During a recent trip to Taiwan, my husband, who is English, asked me why the Taiwanese--unlike Americans--don't seem to suffer high rates of peanut allergies. The question came up as I was scarfing down peanut brittle.
Good point. Peanut is a ubiquitous ingredient on the island. Whole boiled peanuts are eaten as snack, as are salted, roasted ones. Ground peanuts are showered on gua bao, the Taiwanese taco of braised pork belly made famous by culinary bad boy Eddie Huang. Sweetened peanut paste makes its way into mochi, which are then rolled in peanut dust. Peanut soup is sold in cans at 7-Eleven. My grandfather's favorite popsicle? Peanut, of course.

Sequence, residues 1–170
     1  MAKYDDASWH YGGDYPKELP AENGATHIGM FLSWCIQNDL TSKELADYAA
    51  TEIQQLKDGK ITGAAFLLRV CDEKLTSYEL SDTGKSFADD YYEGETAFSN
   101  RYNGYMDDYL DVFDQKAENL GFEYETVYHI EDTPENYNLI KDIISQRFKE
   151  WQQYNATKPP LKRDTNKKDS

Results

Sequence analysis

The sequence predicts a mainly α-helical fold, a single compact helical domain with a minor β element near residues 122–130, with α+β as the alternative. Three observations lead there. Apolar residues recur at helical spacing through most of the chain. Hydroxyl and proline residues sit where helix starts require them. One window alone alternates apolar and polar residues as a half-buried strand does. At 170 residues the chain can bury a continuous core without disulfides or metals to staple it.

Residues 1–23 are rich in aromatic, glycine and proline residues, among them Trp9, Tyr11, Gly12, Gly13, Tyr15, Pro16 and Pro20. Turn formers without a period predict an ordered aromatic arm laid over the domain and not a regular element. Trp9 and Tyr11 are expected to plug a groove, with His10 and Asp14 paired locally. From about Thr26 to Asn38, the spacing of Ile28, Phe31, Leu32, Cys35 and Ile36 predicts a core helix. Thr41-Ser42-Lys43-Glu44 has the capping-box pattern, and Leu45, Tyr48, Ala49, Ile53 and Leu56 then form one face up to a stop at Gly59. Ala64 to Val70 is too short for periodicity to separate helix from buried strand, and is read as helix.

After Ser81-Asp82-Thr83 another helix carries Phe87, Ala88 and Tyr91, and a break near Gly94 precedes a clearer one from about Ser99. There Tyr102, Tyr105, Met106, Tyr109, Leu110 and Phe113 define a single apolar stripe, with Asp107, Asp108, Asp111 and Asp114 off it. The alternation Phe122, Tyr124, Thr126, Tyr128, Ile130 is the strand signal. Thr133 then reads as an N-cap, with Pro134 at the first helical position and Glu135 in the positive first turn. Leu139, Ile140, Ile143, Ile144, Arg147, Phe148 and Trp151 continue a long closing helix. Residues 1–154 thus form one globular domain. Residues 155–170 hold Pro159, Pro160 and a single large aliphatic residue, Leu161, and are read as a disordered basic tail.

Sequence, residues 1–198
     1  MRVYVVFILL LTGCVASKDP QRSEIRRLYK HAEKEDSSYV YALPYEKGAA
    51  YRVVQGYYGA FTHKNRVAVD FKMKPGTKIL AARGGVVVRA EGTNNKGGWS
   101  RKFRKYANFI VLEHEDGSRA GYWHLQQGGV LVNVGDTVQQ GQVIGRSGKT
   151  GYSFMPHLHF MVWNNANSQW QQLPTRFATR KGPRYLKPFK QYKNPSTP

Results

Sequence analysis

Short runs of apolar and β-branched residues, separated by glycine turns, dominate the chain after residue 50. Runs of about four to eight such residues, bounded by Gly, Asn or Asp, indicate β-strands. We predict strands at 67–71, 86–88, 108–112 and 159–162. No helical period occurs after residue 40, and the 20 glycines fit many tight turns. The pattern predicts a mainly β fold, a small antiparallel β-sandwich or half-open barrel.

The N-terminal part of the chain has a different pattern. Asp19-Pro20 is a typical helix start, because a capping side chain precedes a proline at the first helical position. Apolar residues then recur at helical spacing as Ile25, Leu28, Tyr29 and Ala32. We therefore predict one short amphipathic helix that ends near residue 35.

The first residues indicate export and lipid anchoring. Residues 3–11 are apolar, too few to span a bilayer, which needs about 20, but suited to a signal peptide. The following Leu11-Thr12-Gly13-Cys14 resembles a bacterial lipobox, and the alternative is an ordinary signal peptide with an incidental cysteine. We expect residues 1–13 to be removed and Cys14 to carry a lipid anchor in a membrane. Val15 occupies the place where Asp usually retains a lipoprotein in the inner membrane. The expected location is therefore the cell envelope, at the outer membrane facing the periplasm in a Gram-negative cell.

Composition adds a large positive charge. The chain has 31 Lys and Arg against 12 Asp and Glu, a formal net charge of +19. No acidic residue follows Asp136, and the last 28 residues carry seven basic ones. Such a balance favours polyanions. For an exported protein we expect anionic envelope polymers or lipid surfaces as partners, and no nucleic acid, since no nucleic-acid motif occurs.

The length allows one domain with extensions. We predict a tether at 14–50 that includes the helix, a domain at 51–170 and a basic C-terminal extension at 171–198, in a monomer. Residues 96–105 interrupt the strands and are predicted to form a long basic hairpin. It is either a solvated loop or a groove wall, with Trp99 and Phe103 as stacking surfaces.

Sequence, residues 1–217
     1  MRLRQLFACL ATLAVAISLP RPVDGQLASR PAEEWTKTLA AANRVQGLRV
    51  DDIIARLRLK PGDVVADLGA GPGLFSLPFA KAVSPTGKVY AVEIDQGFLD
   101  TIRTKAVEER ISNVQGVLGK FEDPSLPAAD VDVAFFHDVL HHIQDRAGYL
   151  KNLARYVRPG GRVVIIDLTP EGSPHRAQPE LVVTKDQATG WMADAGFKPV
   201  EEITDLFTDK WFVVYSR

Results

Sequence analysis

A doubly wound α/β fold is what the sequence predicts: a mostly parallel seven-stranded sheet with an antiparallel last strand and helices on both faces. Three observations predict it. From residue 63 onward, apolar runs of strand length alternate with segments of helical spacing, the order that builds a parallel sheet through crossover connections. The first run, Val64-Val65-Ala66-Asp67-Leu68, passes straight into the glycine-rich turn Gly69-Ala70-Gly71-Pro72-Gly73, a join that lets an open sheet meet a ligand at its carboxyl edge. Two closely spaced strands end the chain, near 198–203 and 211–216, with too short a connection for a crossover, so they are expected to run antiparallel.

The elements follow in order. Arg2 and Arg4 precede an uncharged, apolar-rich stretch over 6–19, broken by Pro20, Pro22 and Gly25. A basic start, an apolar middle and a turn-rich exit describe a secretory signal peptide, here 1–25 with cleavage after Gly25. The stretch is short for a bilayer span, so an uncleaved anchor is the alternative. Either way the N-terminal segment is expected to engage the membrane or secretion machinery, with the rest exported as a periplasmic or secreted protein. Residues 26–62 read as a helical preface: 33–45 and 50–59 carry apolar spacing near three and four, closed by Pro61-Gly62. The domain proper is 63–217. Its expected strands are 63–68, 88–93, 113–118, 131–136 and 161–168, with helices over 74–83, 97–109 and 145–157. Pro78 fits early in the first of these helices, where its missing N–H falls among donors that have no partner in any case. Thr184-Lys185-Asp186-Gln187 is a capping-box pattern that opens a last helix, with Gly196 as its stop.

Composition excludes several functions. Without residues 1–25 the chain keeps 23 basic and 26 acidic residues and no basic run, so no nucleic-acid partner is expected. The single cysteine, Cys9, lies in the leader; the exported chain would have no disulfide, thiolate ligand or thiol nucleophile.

We stumbled on this little shop near the old Dutch Fort in Tainan. The manager gamely showed me how they take peanut brittle and grind it up to make peanut roll--a local treat that's basically like somewhat sandier peanut butter. We walked away with a bag of peanut brittle, peanut roll, and sesame-pumpkin seed brittle--so fresh that the salesgirl told me that each had an individual expiration date. Not too hard nor too sweet, they were gone within 48 hours.